it was being improperly promoted. Women were not receiving the kind of
information they need to make informed decisions.

o We seized natural skin condoms, after their manufacturer ignored our
requests for labeling changes to warn against use of these condoms to prevent
sexually transmitted diseases. The label did not adequately inform consumers
that, unlike those made of latex, natural skin condoms do not present a
barrier to certain viruses -- including the HIV virus.

o We have seized several injectable collagen products because their
manufacturer failed to include a warning in their labeling about the possible
link between injectable collagen and connective tissue diseases. We acted
because physicians must have the full story about the medical devices they
prescribe for their patients -- and patients in turn must be fully informed.

o Last week, the Agency mandated that women considering breast implant
surgery be provided with information on the risks of breast implants before
they have surgery. When women come to the FDA and tell us that they have
been lulled into believing that these implants are without risk, something is
wrong.

Taken together, these actions show that we mean business.

It is axiomatic that the FDA must protect American consumers by ensuring that
products are safe and effective, properly labeled, and produced according to
good manufacturing practices. But that is not enough. FDA must also help
see that products are used properly and to their fullest advantage.

Nowhere is the potential value of information greater than in the field of
nutrition. Where food is concerned, it is no exaggeration to say that
Americans for a long time have been and still are "nutrition-ignorant."

There is a burgeoning interest in food and nutrition, and that is a good
sign. But the public's understanding of nutrition matters remains relatively
superficial.

The FDA has a long standing responsibility for the food label -- one that
dates to 1906. It has a much more recent mandate to educate people about the
nutrition and the food label: the Food and Drug Administration Act of 1988,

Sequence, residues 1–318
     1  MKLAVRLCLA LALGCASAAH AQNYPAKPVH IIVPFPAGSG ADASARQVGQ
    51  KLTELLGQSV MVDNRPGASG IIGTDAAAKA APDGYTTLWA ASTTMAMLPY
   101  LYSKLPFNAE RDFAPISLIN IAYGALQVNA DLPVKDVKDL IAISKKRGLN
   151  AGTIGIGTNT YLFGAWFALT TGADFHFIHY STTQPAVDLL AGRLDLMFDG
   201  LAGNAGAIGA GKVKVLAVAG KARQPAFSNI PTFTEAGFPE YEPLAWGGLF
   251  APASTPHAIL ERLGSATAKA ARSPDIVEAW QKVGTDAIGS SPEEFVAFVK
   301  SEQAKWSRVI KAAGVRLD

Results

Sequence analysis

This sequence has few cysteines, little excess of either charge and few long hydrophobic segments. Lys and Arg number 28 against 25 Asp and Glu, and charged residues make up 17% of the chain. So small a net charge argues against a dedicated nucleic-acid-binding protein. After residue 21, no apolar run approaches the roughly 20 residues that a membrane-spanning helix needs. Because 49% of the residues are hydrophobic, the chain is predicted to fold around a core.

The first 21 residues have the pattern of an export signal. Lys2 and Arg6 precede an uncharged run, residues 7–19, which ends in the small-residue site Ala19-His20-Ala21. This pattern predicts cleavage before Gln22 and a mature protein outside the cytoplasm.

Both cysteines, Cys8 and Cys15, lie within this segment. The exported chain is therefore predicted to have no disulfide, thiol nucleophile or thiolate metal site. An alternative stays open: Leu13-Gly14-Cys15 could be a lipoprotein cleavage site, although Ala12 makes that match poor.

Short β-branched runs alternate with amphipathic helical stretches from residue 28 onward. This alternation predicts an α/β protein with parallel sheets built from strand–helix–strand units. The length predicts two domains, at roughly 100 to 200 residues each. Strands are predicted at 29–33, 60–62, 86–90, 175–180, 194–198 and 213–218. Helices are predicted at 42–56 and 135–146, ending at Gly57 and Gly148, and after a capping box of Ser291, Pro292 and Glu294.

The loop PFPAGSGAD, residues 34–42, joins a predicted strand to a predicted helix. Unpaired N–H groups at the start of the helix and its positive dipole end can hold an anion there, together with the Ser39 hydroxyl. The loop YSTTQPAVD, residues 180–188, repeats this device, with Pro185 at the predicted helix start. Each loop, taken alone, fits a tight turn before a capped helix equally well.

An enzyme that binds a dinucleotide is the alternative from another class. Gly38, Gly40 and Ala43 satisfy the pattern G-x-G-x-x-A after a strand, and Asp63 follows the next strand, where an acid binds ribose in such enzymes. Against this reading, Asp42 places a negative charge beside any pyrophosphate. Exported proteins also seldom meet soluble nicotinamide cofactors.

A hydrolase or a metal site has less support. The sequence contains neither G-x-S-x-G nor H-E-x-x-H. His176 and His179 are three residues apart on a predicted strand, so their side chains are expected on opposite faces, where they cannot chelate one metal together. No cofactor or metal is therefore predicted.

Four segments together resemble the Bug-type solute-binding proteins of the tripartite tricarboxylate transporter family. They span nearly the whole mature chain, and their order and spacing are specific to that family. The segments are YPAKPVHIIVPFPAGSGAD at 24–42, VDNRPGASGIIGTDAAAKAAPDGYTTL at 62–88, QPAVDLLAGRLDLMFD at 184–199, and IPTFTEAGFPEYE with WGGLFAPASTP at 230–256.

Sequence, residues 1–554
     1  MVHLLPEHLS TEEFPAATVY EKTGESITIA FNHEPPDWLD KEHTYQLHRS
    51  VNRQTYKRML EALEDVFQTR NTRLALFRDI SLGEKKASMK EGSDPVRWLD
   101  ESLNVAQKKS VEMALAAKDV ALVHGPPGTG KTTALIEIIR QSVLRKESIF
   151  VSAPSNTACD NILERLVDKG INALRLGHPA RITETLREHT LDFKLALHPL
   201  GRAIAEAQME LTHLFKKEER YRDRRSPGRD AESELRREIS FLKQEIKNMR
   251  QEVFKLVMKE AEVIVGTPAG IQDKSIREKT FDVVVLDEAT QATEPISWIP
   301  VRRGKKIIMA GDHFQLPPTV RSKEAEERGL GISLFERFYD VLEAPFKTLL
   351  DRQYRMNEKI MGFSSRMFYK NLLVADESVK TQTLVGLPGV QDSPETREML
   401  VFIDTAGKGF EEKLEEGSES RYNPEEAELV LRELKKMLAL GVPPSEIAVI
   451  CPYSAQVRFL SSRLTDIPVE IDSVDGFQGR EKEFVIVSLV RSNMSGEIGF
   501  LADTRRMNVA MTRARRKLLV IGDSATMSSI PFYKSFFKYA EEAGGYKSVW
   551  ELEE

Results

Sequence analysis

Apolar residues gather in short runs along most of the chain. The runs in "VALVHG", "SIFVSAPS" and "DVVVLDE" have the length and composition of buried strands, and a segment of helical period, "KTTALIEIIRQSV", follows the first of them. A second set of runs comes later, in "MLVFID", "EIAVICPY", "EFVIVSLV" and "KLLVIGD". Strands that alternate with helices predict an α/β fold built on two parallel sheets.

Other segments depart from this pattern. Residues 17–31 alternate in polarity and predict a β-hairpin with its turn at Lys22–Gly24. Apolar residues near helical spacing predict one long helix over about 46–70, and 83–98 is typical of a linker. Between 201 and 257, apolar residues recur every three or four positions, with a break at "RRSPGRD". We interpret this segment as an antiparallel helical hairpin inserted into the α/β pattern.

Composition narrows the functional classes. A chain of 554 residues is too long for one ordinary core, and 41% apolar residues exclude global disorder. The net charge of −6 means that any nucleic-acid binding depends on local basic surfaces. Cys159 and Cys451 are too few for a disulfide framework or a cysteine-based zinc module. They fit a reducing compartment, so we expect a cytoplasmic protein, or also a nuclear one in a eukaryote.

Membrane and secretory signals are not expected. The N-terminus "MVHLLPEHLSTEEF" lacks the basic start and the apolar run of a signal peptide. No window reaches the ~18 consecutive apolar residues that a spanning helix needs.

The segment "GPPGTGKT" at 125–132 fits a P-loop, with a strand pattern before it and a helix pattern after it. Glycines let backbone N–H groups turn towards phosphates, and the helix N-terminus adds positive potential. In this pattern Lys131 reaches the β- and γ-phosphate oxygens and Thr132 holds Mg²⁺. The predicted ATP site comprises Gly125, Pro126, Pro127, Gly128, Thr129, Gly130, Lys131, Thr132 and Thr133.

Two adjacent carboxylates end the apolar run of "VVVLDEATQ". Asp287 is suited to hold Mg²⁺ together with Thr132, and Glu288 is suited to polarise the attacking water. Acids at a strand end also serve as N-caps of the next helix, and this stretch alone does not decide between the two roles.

and of course the Nutrition Labeling and Education Act of 1990.

As we go about revising the nation's food label, our primary responsibility
is to ensure that consumers have accurate and useful information about the
food they eat. The role of the FDA is not to tell people what do eat, but to
make informed choice possible.

As I spend more time on the job and observe the interactions among the
various players in the food and drug arena, the role of the individual in
sound nutrition is becoming clearer to me. So is the role of government.

We as a people, as a Nation, have an opportunity to improve our health -- and
the health of our families -- as never before. The way we take care of
ourselves, whether we exercise, what we eat: each of these activities can
affect our health -- and each is within our individual control.

But individuals cannot control the accuracy of information, of claims, on
marketed products. That is where government comes in. The government must
ensure that the information people rely on to make decisions that affect
their health is absolutely reliable.

Health claims, "descriptors" -- whatever appears on the label -- must be
accurate and must tell the whole story. The bottom line is that words on the
food label must have meaning.

What manufacturers must understand -- and understand more clearly than they
have in the past -- is that the claims they make to sell products, the words
they use to increase market share, are the very same words American consumers
use in making decisions that affect their health.

There is no place for marketing gimmicks on the food label.

Food manufacturers have a special trust -- an obligation to ensure that their